Measures of the Heart
I am sitting on a bench outside the children’s rehabilitation center, trying to catch every sound around me. This exercise is more difficult than I thought.
My colleague, Brad, is a musician. He makes the distinction between listening and hearing, and how these are two distinct things. When listening to a musical selection, he can mindfully point out the elegant tone, timing, tuning, sharps, and flats. “I don’t know what I would do if I lost my hearing,” he says. “It is vital to my job.” When we hear, there appears no room to listen to measures of the heart: that which is truly important.
Me? I traded my bow and resin (for playing the violin) for pen and paper. In my job the concept is the same: The nuances of language: what if I needed fine tuning because I could not listen and instead had simply chosen to hear?
In a few moments I will meet a beautiful little girl whose voice I will never hear.
* * *
I am here to meet Angelica, 8, a new arrival to the children’s rehabilitation center family. She is not ill, but recovering from serious injuries that left her an orphan a year ago. Today her adoptive parents will pick her up, and she will be heading home. I cannot fathom the loss.
In the playroom I quickly recognize Angelica and her translator, Sara. Angelica is smiling, talking, her hands moving so quickly that I feel as if I am inadvertently visually eavesdropping on a conversation. Angelica is deaf and speaks American Sign Language. As I walk toward them I remember I am to look at Angelica, not Sara. Sara is the translator, and Angelica is the one I am listening to.
I introduce myself using the little sign language I learned. My hand movements feel so vacant in my small space of spoken words. Angelica smiles and quickly replies that she wants my approval for what she has decided to say to her adoptive parents and her new stepsister, who is also deaf. She has met with them before and spent time with them. Today she will move in to their home. She is grateful. Angelica smiles, and I am reminded of the emotional resilience the Holy Spirit gives freely.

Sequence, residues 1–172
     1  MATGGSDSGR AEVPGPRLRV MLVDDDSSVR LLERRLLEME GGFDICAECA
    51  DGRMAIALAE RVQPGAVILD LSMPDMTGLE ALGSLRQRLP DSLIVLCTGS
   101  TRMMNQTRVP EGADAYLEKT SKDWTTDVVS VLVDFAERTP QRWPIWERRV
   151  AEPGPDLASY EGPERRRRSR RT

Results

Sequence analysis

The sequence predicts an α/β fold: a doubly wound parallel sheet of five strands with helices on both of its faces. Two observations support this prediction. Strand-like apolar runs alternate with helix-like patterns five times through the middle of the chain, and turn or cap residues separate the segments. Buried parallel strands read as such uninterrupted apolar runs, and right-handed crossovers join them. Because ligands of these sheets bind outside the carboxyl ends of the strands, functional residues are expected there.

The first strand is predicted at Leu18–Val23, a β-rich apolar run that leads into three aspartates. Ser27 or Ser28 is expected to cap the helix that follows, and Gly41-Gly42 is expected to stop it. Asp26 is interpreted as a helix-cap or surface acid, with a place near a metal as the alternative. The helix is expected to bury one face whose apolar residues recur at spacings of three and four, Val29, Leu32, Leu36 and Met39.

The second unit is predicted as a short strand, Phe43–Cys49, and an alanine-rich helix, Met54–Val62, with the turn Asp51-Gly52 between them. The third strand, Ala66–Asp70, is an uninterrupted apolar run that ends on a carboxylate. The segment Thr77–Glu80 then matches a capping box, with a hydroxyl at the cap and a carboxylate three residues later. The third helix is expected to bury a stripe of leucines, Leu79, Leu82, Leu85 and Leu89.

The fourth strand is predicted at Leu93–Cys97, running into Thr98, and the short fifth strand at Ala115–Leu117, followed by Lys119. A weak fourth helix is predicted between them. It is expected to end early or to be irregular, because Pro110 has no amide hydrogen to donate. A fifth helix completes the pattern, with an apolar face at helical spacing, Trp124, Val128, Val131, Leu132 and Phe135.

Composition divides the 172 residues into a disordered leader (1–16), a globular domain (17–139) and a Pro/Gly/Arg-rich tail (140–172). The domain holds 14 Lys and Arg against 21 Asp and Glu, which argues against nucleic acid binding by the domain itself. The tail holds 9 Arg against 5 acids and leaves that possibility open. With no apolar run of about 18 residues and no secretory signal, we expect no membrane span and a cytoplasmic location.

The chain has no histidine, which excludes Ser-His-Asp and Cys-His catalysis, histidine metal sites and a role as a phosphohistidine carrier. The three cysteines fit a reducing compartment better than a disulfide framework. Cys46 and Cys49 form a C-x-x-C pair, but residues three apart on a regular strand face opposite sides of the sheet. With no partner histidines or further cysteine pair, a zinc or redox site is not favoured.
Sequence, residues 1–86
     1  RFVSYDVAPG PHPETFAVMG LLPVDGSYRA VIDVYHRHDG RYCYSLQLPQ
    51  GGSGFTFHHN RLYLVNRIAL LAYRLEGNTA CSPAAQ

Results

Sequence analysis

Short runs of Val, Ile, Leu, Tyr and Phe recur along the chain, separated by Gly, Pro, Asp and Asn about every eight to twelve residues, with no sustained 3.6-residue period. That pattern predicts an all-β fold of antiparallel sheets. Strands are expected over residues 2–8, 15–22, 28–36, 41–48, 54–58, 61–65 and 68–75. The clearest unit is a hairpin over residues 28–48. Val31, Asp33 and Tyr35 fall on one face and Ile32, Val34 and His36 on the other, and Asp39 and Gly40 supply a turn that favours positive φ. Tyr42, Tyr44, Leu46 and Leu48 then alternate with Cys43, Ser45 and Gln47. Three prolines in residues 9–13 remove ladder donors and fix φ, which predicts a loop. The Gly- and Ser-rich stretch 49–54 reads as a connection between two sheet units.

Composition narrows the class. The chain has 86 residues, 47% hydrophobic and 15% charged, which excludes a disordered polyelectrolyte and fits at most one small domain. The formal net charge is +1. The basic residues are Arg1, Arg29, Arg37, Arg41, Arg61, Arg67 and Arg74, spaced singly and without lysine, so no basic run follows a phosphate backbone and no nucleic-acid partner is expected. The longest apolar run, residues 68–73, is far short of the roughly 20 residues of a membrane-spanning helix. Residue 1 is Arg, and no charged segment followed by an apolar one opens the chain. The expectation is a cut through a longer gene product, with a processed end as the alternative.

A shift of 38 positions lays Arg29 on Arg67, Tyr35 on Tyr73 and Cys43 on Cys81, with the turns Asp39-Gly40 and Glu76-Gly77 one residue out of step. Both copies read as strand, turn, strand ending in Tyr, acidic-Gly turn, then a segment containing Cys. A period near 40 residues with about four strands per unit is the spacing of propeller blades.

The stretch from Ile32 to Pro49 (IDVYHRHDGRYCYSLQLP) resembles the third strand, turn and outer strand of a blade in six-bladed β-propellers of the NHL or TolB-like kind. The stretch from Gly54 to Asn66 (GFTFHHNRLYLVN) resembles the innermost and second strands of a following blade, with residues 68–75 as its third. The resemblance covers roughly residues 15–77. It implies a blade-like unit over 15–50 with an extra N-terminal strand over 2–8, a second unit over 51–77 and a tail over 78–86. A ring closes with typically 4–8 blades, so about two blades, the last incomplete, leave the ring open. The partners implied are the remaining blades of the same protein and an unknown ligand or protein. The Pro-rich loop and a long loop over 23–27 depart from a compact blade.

She tells me the story: the car accident; how she lost her parents; how firefighters could not communicate with her and had to call for a translator. She said there was silence. Silence? In that very long silence she watched firefighters try to pry her parents out of a burning vehicle. In that silence her little hands moved, praying the whole time.
Angelica takes my hand and asks, “Does God hear me? Do you think that while I was sitting in the fire truck praying, He saw what I was saying? I asked Him to take care of my parents, to not let them be hurt. If He was trying to talk back to me, I could not hear His voice. Have you ever heard His voice?”
In that moment I am listening. Dear God, what do I say to Your precious child?
“I have not heard the voice of God. But I see it in action. I am learning to listen and not just hear,” I say. Then I share with her the differences I have learned of each one—listening and hearing—from my friend Brad. She smiles, nods, tells me she understands. Then the sweetest sound comes out of her lips: she laughs. Then she signs, “I know what you mean. He listened. I know He listened to me, to my heart.”
Measures of the heart.
* * *
The reunion is a happy one. The two little girls are already as close as sisters. I watch them sign to each other, watching trust built. As I walk with them outside, Angelica brings me a red flower. She touches the flower lightly, holding it up to her face to smell it. She hands me the flower and points at her heart and signs the word “happy”: her heart is happy. I watch her run off with her new sister. I smell the flower and smile, tears in my eyes, imagining my heavenly Father listening along.